Getting Your Interactive Facebook Campaign Approved [Case Study]

A little over a month ago we covered a new interactive Facebook campaign from Rounds called Ashley Boo.  Ashley Boo was the first of it’s kind—an interactive profile campaign that let you write in Ashley Boo’s status and then watch videos of her doing what you typed.  The campaign was a success at first, garnering over 88,000 videos played within hours.  But a mere seven hours after the campaign hit YouTube it was taken down by Facebook, due to violations of their Terms & Conditions.  Now Ashley Boo is back and better than ever, complying with Facebook Terms.

I had the opportunity to ask Rounds’ Social Community and Marketing Manager, Natasha Shine, a couple of questions about the experience.  Hopefully reading what she had to say can help you avoid issues with Facebook’s Terms & Conditions if you are planning an interactive creative campaign on Facebook.  Read on to find out what Natasha had to say.

The original Ashley Boo Facebook campaign, which was taken down after 7 hours, was created by Rounds.com to promote their Facebook applicationRounds is a video chat platform that lets you play games, watch YouTube videos and do other fun stuff with your friends.  Natasha told me, “It was made in-house and was originally inspired by Tipp-Ex’s Hunter Shoots A Bear campaign.  Ashley Boo, however, was the first of its kind on Facebook.  The reason we used Facebook is that we wanted to promote our application in a new and innovative way and show people what our brand is all about.”

Natasha told me that they were given two reasons for why the original application, which looked almost identical to a Facebook profile and served up videos in the profile picture area when you typed commands into the status update field:

1. Apps must not confuse, mislead, surprise or defraud anyone.  (Facebook Platform Principle: Be Trustworthy.)

2. You must not use or make derivative use of Facebook icons, or use terms for Facebook features and functionality, if such use could confuse users into thinking that the reference is to Facebook features or functionality. (FPP I.8)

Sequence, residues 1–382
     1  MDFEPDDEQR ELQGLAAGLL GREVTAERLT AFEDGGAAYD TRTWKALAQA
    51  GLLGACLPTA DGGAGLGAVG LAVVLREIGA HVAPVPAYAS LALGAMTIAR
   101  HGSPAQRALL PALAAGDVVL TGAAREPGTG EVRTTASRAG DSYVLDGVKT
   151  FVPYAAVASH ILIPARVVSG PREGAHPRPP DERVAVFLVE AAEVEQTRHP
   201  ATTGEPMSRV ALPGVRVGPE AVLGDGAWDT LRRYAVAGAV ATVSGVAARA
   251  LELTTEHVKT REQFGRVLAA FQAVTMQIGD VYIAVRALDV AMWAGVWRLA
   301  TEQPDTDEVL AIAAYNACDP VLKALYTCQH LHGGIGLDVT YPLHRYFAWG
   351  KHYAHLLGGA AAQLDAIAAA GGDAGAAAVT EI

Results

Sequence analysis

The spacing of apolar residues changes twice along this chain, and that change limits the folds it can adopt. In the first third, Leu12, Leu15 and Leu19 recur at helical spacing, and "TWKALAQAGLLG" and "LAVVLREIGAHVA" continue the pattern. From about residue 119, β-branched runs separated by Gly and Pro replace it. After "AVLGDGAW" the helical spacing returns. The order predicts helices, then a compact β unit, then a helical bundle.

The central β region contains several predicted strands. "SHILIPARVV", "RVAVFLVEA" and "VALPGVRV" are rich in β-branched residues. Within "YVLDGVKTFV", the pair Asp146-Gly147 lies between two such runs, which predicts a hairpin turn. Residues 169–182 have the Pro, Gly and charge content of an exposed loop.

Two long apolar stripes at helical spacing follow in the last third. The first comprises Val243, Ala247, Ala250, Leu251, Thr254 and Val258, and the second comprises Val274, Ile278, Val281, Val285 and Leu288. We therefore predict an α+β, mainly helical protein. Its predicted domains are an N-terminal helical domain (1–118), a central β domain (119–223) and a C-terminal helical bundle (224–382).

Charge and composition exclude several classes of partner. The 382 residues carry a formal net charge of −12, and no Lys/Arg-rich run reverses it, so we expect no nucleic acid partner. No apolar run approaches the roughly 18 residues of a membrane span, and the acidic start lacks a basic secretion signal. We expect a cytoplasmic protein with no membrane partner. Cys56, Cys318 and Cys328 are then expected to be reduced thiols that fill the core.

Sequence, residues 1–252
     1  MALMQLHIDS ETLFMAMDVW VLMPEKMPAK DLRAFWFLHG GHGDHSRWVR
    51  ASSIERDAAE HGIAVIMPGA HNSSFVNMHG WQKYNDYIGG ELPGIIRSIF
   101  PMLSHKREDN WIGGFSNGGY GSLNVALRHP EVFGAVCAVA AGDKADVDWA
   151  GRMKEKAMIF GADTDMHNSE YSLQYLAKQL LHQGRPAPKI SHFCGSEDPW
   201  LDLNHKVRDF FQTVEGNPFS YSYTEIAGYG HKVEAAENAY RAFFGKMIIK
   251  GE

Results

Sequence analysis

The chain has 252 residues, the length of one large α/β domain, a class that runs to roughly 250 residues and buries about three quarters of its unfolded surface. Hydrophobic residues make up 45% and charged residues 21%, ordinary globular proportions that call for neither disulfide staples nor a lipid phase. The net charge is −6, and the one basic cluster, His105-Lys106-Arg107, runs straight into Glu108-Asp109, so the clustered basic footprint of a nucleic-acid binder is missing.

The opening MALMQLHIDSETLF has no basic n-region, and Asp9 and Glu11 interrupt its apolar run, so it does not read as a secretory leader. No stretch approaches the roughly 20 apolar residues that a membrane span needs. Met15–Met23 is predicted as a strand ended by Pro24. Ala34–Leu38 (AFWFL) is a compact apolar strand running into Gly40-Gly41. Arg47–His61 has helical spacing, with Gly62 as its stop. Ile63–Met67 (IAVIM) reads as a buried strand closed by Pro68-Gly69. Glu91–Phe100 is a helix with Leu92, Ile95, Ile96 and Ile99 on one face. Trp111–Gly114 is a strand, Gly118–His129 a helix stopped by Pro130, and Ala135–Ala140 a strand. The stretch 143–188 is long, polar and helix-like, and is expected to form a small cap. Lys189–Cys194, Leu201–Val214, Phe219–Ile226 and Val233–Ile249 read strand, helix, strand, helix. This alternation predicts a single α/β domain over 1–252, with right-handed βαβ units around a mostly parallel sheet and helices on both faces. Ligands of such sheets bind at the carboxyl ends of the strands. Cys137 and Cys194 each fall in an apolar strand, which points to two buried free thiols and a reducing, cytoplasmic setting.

Natasha said, “They also stated that our app was violating their policies, particularly by using their branding and providing an experience that can very easily confuse users into thinking our app is Facebook.”  She says that Facebook gave no warning.  They took the app down and sent an email entitled, “Notice of Disable: Ashley Boo.”  She says, “We corresponded with them a few times and send them a mock-up of the new version.  Unfortunately, they wouldn’t give us the canvas URL back, but they did guide us into creating a new app and said that this app is definitely much less confusing to users.  You can see in the image below that we changed the whole look and feel of the app.  It no longer imitates a Facebook profile, but still holds the same innovative experience as before.”  You can check out the new Ashley Boo Facebook application, which went live this morning, at apps.facebook.com/ashley-boo.

Natasha tells me that this experience “will definitely change how we go about planning and implementing future Facebook campaigns, as we will be a lot more careful about abiding by their Terms and Conditions.”

Before planning an interactive Facebook campaign of your own, or any kind of application, do your research.  Some good resources include Facebook’s Statement of Rights and Responsibilities as well as Facebook Developers, specifically the developers’ forum.

Have you had similar experiences with running Facebook campaigns?  Feel free to share them with us in the comments below.

Megan O’Neill is the resident web video enthusiast here at Social Times.  Megan covers everything from the latest viral videos to online video news and tips, and has a passion for bizarre, original and revolutionary content and ideas.